- Information theory and measure theory
= Measures in information theory =

Many of the formulas in information theory have separate versions for continuous and discrete cases, i.e. integrals for the continuous case and sums for the discrete case. These versions can often be generalized using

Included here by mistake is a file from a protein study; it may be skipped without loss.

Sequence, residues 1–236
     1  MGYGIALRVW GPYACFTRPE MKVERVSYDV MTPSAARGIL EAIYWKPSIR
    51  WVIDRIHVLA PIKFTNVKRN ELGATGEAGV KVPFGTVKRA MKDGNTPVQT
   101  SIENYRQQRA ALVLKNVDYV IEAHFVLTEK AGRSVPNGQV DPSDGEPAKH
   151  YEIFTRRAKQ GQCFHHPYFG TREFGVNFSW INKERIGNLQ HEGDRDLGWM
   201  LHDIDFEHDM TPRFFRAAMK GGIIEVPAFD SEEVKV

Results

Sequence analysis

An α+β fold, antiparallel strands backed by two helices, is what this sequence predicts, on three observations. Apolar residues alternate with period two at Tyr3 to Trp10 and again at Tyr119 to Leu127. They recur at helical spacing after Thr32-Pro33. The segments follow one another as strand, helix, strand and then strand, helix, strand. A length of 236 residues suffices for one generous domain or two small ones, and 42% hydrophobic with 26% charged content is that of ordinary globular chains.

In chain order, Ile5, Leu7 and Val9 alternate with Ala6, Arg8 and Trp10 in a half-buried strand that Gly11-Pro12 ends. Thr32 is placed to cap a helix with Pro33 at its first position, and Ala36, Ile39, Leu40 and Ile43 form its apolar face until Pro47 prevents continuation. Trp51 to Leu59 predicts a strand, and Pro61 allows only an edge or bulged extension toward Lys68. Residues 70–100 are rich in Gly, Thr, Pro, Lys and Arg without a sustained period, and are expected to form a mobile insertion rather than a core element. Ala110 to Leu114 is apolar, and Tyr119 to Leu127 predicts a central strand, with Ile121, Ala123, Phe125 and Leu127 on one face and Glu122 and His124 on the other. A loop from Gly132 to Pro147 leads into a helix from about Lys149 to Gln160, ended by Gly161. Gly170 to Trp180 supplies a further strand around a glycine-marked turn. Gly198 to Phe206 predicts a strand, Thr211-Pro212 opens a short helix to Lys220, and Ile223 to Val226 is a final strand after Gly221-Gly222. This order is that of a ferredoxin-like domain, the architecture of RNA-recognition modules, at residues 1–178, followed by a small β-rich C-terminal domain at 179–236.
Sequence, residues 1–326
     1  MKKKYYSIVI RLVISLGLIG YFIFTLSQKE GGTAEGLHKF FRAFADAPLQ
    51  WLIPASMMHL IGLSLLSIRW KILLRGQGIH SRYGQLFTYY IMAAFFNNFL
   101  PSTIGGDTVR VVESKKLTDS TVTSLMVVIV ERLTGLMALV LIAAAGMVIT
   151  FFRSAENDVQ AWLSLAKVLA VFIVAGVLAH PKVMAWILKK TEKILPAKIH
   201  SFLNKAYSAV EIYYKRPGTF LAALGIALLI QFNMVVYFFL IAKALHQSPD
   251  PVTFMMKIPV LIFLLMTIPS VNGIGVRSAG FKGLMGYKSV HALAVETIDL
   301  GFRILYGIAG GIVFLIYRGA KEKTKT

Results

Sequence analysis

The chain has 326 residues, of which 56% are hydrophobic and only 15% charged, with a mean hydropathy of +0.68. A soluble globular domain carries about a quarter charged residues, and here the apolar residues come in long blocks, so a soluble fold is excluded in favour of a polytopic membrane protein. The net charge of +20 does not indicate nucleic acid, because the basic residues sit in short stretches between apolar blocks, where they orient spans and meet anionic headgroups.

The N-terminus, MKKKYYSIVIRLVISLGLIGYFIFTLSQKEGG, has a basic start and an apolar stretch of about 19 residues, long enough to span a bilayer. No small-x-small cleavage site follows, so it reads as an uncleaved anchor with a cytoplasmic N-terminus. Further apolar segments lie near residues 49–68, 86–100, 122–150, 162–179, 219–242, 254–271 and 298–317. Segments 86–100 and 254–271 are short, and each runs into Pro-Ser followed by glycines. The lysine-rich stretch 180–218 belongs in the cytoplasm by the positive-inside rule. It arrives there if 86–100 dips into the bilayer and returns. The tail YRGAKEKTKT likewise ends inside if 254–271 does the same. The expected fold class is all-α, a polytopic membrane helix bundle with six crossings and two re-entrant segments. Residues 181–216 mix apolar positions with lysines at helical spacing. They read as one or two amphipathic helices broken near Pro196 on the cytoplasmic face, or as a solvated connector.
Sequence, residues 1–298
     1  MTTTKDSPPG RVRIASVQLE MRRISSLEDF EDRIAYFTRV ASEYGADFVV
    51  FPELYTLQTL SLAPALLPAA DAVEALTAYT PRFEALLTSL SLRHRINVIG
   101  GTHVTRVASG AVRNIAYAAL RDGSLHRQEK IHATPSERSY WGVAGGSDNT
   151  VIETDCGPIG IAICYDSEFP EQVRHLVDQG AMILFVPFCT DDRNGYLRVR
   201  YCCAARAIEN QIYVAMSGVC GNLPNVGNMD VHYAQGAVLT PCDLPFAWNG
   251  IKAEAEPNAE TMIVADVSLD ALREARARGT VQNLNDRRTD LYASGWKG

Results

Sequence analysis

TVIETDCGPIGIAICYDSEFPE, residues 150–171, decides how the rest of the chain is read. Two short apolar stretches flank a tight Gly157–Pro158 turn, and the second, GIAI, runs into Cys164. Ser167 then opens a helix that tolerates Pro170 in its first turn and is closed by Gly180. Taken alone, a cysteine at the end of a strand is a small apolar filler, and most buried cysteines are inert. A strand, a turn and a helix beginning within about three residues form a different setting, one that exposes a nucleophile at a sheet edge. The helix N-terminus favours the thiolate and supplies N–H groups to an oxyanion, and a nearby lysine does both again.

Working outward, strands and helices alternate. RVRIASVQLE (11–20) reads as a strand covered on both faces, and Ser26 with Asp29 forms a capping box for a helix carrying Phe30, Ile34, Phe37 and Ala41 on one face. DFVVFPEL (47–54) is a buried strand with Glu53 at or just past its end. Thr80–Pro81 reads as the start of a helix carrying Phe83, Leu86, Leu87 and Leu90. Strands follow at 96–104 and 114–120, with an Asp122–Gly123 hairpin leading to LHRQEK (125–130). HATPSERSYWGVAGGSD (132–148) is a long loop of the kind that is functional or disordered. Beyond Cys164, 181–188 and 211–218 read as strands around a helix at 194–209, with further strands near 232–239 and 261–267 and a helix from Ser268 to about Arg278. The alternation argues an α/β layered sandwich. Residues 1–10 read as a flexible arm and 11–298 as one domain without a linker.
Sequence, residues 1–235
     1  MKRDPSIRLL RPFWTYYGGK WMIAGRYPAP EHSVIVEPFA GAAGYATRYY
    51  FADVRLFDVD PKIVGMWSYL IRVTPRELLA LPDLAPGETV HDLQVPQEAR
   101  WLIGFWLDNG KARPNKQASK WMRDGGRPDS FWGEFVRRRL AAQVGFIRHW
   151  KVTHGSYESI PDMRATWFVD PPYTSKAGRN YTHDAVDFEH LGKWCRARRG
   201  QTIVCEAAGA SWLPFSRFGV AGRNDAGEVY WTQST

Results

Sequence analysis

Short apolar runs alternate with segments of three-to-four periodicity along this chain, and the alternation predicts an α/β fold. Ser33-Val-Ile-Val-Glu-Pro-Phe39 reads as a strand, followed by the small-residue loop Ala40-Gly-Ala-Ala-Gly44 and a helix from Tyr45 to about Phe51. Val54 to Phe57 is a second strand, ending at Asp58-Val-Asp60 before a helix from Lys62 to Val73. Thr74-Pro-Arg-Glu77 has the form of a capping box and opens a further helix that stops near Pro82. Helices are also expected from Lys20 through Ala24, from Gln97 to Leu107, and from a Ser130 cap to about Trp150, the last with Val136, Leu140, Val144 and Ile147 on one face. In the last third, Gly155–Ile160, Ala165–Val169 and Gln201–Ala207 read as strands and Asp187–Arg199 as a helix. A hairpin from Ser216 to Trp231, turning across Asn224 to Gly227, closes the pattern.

measure theory . For discrete random variables, probability mass functions can be considered density functions with respect to the counting measure, thus requiring only basicdiscrete mathematics for what can be considered, in a measure theory context, integration. Because the same integration expression is used for the continuous case, which uses basiccalculus , the same concepts and expressions can be used for both discrete and continuous cases. Consider the formula for thedifferential entropy of a continuousrandom variable withprobability density function $f(x)$::$h(X)\; =\; -int\_X\; f(x)\; log\; f(x)\; ,dx,$This can usually be taken to be:$h(X)\; =\; -int\_X\; f(x)\; log\; f(x)\; ,dmu(x),$where μ is theLebesgue measure . But if instead, "X" is discrete, "f" is a probability mass function, and ν is thecounting measure , we can write::$H(X)\; =\; -int\_X\; f(x)\; log\; f(x)\; ,d\; u(x)\; =\; -sum\_\{xin\; X\}\; f(x)\; log\; f(x).$The integral expression and the general concept is identical to the continuous case; the only difference is the measure used. In both cases the probability density function "f" is the Radon–Nikodym derivative of theprobability measure with respect to the measure against which the integral is taken.If $mathbb\; P$ is the probability measure on "X", then the integral can also be taken directly with respect to $mathbb\; P$::$h(X)\; =\; -int\_X\; log\; frac\{mathrm\; d\; mathbb\; P\}\{mathrm\; dmu\}\; ,dmathbb\; P,$